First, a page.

“Patriots Twice is an exceptionally well-presented compendium with information on scores of Confederate enlisted men, officers, and government officials who made remarkable contributions to the rebuilding and reuniting of our country in the decades following the great war. I was particularly struck by the significant achievements of so many Virginia Military Institute cadets, most of whom were mere teenagers when first tested under fire at the Battle of New Market on May 15, 1864.” -- Ben Sewell, Executive Director, Sons of Confederate Veterans, 2002-2014
“Sam Hood has made a major contribution to the history of ex-Confederates. Many just returned to their farms and did not enter public life, but many others became public office holders, professional people, and major contributors to our postwar American society. He has done a great job in creating this definitive and comprehensive study.” -- Jack Dickinson, Bibliographer, Rosanna A. Blake Library of Confederate History, Marshall University
“Sam Hood’s elegantly researched and presented book is part of the fact-based cure for the pandemic of ignorance, intolerance, and ideologically driven condemnation and rejection of our shared past by too many Americans. The unforgiving, rigid, virtue-signaling rush to revile and abandon all those of the past (and of the present as well) who do not meet the current shallow standard of politically correct orthodoxy can only be effectively challenged and stopped by facts in books such as this. Patriots Twice is a testament to the extraordinary character of America and Americans and solidly proves this sadly forgotten truth—those who err can change just as those who are wronged can forgive. This book is a welcome panacea for an unhappy culture of confusion and judgmentalism so sorely lacking in knowledge, patience, forgiveness, and wisdom. This book is a gift to America for now and beyond.” -- Daniel Mallock, author of NYT bestseller Agony and Eloquence: John Adams, Thomas Jefferson and a World of Revolution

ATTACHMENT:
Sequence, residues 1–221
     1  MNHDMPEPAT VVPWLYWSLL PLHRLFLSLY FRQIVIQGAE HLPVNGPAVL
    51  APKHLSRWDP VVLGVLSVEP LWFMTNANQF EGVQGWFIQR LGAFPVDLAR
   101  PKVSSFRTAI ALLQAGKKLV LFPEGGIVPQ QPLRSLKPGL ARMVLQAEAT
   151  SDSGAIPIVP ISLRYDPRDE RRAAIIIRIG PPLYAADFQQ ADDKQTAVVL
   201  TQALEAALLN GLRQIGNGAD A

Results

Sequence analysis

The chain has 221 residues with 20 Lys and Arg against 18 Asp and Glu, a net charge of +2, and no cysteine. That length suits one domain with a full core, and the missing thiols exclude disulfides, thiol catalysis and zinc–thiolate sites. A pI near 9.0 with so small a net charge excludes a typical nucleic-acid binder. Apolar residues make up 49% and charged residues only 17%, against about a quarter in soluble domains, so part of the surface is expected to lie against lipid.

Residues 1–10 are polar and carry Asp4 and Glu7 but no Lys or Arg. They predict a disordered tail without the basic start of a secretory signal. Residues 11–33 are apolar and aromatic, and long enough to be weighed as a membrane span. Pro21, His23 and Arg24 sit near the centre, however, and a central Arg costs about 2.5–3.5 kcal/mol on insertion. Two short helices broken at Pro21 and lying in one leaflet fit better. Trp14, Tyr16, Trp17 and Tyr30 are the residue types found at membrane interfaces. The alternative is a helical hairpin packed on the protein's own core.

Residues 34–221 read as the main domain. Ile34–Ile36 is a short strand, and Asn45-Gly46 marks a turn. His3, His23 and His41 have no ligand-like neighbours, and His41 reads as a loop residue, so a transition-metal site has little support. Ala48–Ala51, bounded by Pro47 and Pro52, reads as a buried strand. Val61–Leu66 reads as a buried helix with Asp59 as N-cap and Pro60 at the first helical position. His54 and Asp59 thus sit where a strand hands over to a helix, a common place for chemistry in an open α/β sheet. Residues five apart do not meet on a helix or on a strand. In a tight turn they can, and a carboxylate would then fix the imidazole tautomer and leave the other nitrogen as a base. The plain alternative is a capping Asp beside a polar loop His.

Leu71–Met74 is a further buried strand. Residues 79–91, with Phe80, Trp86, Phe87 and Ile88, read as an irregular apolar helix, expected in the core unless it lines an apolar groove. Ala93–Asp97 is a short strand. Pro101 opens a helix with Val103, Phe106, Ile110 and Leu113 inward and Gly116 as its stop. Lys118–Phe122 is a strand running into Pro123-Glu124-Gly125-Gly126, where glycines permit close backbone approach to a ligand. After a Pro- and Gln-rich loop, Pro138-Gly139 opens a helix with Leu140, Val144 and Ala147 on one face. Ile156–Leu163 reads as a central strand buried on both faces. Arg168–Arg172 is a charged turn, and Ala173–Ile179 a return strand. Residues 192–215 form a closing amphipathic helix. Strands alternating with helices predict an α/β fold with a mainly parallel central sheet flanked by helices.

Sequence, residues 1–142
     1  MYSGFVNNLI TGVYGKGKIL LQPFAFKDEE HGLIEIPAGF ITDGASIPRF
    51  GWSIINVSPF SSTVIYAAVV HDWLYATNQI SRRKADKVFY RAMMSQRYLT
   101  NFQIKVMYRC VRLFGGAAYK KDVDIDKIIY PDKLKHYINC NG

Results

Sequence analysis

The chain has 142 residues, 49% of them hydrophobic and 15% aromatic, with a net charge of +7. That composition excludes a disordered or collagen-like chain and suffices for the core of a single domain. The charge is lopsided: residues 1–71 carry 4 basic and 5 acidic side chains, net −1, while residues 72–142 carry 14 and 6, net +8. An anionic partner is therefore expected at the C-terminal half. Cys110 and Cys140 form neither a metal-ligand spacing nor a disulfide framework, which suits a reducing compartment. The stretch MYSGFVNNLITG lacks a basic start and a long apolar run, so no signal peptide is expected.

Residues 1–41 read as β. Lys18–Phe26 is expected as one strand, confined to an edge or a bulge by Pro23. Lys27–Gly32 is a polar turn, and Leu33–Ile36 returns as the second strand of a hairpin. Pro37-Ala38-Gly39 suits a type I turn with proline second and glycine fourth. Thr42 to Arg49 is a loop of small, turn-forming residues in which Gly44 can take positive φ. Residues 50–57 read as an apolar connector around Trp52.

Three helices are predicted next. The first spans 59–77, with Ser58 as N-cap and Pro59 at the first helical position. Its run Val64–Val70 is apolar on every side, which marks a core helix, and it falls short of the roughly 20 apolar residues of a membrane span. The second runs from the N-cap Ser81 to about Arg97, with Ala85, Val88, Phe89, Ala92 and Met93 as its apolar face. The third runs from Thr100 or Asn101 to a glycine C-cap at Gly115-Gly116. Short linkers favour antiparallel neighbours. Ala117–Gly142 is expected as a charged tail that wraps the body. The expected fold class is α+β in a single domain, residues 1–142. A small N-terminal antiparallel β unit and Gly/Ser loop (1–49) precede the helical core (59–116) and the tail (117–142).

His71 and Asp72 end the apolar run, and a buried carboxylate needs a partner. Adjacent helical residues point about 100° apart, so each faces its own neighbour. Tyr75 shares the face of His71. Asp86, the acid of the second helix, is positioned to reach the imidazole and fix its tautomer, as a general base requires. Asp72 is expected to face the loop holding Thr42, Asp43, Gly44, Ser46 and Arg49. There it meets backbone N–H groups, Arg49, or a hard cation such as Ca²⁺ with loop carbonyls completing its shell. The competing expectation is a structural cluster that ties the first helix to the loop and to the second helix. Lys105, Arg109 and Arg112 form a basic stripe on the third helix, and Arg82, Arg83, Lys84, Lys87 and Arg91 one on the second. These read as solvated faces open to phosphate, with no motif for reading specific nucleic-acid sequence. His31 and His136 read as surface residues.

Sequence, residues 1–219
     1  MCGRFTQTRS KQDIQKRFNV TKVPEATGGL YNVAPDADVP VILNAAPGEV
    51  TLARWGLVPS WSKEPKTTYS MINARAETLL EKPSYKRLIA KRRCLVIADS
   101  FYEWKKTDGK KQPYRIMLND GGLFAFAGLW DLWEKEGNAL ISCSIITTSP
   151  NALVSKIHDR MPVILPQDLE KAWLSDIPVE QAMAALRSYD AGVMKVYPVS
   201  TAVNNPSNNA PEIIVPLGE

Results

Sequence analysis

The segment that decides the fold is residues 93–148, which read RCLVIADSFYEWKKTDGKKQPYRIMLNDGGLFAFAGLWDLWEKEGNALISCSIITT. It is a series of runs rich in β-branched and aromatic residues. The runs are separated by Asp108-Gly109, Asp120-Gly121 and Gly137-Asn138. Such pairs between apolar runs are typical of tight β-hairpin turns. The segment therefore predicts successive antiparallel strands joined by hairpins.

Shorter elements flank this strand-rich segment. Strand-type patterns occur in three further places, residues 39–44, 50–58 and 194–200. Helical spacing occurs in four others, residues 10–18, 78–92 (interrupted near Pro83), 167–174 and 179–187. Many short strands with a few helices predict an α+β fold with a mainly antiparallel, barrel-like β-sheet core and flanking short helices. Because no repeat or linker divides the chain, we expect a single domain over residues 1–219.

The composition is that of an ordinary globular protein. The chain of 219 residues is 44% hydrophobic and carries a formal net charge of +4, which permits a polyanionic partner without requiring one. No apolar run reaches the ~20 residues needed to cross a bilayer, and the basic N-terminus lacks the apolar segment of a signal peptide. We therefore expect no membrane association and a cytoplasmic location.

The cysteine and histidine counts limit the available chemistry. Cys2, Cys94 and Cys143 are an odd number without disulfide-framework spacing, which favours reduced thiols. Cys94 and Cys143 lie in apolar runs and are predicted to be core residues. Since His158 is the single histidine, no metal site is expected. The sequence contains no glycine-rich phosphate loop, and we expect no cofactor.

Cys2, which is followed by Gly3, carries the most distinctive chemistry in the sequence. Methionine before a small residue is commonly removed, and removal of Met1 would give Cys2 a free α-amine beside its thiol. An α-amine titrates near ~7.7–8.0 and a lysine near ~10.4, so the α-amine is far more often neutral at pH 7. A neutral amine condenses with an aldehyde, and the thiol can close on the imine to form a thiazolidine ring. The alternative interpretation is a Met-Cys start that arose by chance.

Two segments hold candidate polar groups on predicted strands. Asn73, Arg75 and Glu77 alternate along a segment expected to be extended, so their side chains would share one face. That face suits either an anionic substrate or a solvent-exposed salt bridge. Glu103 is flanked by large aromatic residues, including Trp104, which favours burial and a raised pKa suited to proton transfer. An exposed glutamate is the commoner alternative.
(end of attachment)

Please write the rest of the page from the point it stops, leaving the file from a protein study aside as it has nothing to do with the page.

“Patriots Twice is a must-read for today’s Americans who truly want to understand the critical contributions and roles of Confederate veterans and their inclusion in all aspects of the rebuilding of our nation. If the men who fought one another almost 160 years ago can come to terms, surely we can as well.” -- Gregory L. Wade, founder of the Franklin (TN) Civil War Round Table and noted Civil War author and speaker
“Leadership, courage, and fortitude were not limited to the Civil War battlefields, nor did they come to an end at Appomattox. Fortunately for America, Southern veterans worked hard to forge a bright new future for a united country. Mr. Hood has written a marvelous and insightful handbook for those wishing to educate twenty-first century Americans about the contributions of postwar Confederate soldiers.”
-- Lana J. Henley, Honorary President, Texas Division, United Daughters of the Confederacy and President, Albert Sidney Johnston 105, Texas Division, United Daughters of the Confederacy
“Patriots Twice poses the question asked so many times to former Confederate soldiers: ‘What did you do after the war?’ Stephen Hood answers that question by thoroughly researching more than 300 individuals in various fields of endeavor. The answers are going to surprise you. These veterans had a major impact on American governance, education, science, engineering, and the emergence of the United States as a world power. Patriots Twice provides an eye-opening examination of their contributions. It deserves a wide audience—especially today.” -- Joseph Ricci, Historian, Confederate Memorial Hall Museum, New Orleans
Stephen M. “Sam” Hood graduated from Kentucky Military Institute, Marshall University (BBA, 1976), and is a veteran of the U.S. Marine Corps Reserve. A collateral descendant of Confederate General John Bell Hood, Sam is a retired industrial construction company owner, past member of the Board of Directors of the Blue Gray Education Society, and a past president of the Board of Directors of Confederate Memorial Hall Museum in New Orleans. He lives in Myrtle Beach, South Carolina, with his wife of 43 years, Martha, and is the proud father of two sons: Derek Hood of Winchester, Kentucky, and Taylor Hood of Huntington, West Virginia.